I just came across this article http://blog.kpmg.ch/financial-services/switzerland-is-moving-towards-fatca-implementation/, I don’t recall if anyone has brought this particular article yet, but I wanted to share my thoughts on it for comment.
What I find most interesting is the following, suggesting that the banks do not need to be cancelling or refusing accounts of recalcitrants (as I have argued following my posting of the 21 June Swiss Confederation press release):
Implications for insurance companies
The issue around exiting recalcitrant account holders (i.e. a cancelation of a life insurance policy is not possible) seems now to be addressed. However, Insurance companies might now be faced with group requests under the “administrative assistance” (Amtshilfe) and need to prepare for that accordingly.
Implications for banks
Similar to the insurance companies neither an exit of a recalcitrant account holder nor the withholding on proceeds is anymore required. However, Banks will as well potentially face more group requests under the “administrative assistance”. The introduction of a layer of countries that are now entering into intergovernmental agreements will add another category of FFI’s, which in practice will increase the complexity for implementation…
The article also mentions the Swiss government waiver of Art 271 CPS (Illegal acts for a foreign state) in order to enable data transfer, but from what I have heard the banks have to inform the account holder before transferring information, and that the holder can lodge an appeal against the “Amtshilfe” request.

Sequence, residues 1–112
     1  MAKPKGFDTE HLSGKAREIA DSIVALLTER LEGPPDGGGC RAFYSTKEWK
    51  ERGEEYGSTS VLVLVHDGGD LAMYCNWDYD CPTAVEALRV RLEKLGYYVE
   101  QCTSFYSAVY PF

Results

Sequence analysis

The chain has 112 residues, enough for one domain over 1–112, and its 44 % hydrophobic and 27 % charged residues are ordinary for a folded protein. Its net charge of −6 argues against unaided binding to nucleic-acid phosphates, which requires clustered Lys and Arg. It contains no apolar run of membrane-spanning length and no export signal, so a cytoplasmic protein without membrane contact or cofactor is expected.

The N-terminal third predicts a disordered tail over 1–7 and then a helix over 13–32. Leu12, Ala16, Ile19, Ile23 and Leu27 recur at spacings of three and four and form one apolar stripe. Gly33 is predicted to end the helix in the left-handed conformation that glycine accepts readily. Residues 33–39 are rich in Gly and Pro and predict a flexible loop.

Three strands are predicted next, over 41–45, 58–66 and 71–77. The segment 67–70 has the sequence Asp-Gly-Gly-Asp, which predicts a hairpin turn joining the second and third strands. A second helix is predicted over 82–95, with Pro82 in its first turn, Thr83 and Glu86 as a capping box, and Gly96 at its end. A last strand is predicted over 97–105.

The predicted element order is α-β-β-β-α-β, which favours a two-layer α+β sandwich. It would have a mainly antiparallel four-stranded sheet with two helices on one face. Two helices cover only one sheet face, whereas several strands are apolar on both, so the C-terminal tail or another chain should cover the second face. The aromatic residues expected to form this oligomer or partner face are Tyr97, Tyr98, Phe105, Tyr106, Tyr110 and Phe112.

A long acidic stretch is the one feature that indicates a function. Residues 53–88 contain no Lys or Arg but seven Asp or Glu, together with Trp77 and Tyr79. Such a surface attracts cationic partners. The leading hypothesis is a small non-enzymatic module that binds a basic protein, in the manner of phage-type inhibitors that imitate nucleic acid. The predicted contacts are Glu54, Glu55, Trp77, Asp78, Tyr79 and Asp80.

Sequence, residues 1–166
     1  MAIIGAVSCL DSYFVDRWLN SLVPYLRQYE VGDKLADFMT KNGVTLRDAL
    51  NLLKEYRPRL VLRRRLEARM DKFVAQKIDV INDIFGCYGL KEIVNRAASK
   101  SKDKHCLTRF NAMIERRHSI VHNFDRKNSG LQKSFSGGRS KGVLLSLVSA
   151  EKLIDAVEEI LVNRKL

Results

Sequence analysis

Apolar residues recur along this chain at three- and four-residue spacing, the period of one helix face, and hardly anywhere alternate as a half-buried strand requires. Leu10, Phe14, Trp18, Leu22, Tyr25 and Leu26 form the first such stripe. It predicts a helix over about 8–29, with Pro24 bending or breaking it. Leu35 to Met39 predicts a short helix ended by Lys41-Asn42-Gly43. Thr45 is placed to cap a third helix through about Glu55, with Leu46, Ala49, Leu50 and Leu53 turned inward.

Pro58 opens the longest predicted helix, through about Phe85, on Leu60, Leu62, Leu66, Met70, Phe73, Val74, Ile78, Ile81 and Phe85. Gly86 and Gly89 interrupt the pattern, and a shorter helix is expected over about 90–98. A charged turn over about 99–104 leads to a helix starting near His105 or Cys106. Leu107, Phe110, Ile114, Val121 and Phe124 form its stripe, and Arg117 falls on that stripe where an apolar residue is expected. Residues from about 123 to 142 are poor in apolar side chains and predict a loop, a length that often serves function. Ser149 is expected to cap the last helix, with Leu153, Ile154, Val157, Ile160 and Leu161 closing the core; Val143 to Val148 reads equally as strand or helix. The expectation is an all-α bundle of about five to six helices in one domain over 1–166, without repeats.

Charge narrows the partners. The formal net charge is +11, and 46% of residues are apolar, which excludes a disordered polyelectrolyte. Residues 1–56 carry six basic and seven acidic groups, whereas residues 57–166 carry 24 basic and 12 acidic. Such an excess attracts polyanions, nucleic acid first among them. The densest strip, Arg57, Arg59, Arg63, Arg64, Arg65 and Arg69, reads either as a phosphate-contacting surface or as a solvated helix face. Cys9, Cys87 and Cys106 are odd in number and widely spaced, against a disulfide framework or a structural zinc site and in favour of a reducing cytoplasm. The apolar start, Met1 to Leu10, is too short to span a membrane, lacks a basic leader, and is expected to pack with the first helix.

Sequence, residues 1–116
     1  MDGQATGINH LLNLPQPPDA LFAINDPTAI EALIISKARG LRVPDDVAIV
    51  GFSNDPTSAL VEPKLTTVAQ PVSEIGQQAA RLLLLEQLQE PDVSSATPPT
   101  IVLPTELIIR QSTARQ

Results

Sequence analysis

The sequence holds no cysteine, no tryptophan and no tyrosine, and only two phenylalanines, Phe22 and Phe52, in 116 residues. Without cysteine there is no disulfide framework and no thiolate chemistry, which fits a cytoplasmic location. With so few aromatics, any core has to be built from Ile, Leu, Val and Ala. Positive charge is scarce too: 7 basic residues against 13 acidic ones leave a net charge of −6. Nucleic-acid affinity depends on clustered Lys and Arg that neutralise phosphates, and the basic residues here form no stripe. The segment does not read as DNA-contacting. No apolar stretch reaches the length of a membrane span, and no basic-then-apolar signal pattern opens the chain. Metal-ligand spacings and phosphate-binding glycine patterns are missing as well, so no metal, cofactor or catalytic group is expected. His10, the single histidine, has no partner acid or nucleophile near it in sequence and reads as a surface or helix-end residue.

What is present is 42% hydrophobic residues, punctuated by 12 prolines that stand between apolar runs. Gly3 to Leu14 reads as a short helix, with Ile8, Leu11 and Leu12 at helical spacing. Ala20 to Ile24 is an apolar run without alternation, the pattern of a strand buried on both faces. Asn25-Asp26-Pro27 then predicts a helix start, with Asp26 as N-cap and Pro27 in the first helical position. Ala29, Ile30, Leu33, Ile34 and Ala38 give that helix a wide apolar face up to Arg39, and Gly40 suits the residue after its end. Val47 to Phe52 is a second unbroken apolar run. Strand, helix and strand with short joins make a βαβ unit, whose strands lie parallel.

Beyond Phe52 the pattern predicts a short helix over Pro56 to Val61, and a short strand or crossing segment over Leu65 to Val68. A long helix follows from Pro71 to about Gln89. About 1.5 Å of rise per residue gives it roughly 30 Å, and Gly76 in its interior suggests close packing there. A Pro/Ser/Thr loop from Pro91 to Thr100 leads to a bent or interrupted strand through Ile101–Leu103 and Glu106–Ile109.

Also, I do not believe that the Confederation can waive 271 CPS in such a critical matter without the approval of the sovereign people as Art 217 CPS was designed inter alia to enforce the constitutional mandate that requires that the Confederation defend the sovereignty of the nation, and the rights of the people (Art 2 CFS et al).
The “Last in Time Rule” upheld by US courts means that even the already shoddy tax convention with the US that we have can be retroactively and unilaterally modified by a subsequent change to the Internal Revenue Code. This means that Art 271 CPS, and other protections are required in order to apply the constitutional guarantees of “Protection against Arbitrary Treatment”, Arbitrary Treatment being one of the nasty effects of the “Last in Time Rule”.
I would ask the Confederation to explain what the “waiver” of 271 CPS actually means. Does it mean that the banks can act directly upon US requests without a proper Amtshilfe request under the Hague Convention (a dangerous precedent which could open the way for US government extraterritorial meddling in further matters that have nothing to do with USP tax issues?) Or does it merely mean that the banks cannot be criminally prosecuted if a request is properly made through Hague Convention central authorities (typically the Swiss Federal Office of Justice and Police or the Cantonal Prosecutor’s Office) , the client properly notified, appeal not lodged or rejected?
The KPMG article appears still to be open for comments, and the article was in English, so this might be a good place for many of us to ask questions and share our opinions. I know that KPMG has a huge market share of the compliance market and that some of you may want to shun the big “IRS-Accountancy-Compliance-Complex” (pls read as parody of Military-Industrial-Complex) but the market share, power and influence of KPMG on some of their large clients is all the more reason to take the debate directly to them.